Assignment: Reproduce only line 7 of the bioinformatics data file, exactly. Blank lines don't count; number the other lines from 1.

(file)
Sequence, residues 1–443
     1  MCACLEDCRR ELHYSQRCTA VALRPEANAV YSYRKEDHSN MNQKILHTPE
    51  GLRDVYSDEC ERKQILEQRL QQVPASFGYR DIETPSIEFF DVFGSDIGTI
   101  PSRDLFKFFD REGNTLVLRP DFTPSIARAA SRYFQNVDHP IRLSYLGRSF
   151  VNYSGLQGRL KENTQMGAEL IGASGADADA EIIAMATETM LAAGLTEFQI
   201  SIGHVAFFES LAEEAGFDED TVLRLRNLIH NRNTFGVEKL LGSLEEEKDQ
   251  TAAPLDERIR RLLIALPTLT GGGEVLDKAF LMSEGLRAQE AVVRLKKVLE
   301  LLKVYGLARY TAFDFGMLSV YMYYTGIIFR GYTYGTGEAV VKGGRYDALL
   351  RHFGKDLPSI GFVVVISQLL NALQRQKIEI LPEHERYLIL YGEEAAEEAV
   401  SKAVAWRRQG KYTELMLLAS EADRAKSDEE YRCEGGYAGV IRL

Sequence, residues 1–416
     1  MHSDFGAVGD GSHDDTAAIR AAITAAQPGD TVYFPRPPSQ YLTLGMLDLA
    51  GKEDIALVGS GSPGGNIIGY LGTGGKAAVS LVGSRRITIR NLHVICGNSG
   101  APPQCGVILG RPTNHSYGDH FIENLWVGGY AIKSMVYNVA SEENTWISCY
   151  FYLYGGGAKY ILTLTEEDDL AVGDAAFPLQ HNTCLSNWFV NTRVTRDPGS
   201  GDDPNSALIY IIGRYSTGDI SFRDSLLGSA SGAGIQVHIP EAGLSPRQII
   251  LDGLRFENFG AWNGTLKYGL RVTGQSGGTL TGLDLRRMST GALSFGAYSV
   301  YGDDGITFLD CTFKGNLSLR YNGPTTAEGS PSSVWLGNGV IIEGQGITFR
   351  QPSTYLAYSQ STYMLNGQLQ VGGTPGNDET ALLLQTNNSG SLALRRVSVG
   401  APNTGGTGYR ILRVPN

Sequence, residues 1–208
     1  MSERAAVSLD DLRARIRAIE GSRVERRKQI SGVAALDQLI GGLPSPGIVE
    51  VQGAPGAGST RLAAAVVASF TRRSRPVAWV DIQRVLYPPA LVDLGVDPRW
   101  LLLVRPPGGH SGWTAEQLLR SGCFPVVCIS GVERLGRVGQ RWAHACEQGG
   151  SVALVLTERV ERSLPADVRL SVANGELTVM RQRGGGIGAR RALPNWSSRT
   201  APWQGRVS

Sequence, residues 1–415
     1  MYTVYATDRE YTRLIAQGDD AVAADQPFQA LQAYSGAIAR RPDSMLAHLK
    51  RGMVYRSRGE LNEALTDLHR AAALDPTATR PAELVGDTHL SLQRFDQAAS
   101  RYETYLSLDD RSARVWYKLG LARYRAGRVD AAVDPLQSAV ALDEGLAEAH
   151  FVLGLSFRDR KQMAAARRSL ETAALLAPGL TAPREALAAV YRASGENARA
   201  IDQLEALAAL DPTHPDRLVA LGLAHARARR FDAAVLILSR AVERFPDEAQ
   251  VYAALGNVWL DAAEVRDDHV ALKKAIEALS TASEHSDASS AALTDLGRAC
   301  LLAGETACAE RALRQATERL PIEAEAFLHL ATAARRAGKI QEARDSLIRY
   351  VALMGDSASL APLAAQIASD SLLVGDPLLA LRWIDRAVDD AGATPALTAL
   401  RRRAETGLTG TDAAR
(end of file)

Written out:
   251  TAAPLDERIR RLLIALPTLT GGGEVLDKAF LMSEGLRAQE AVVRLKKVLE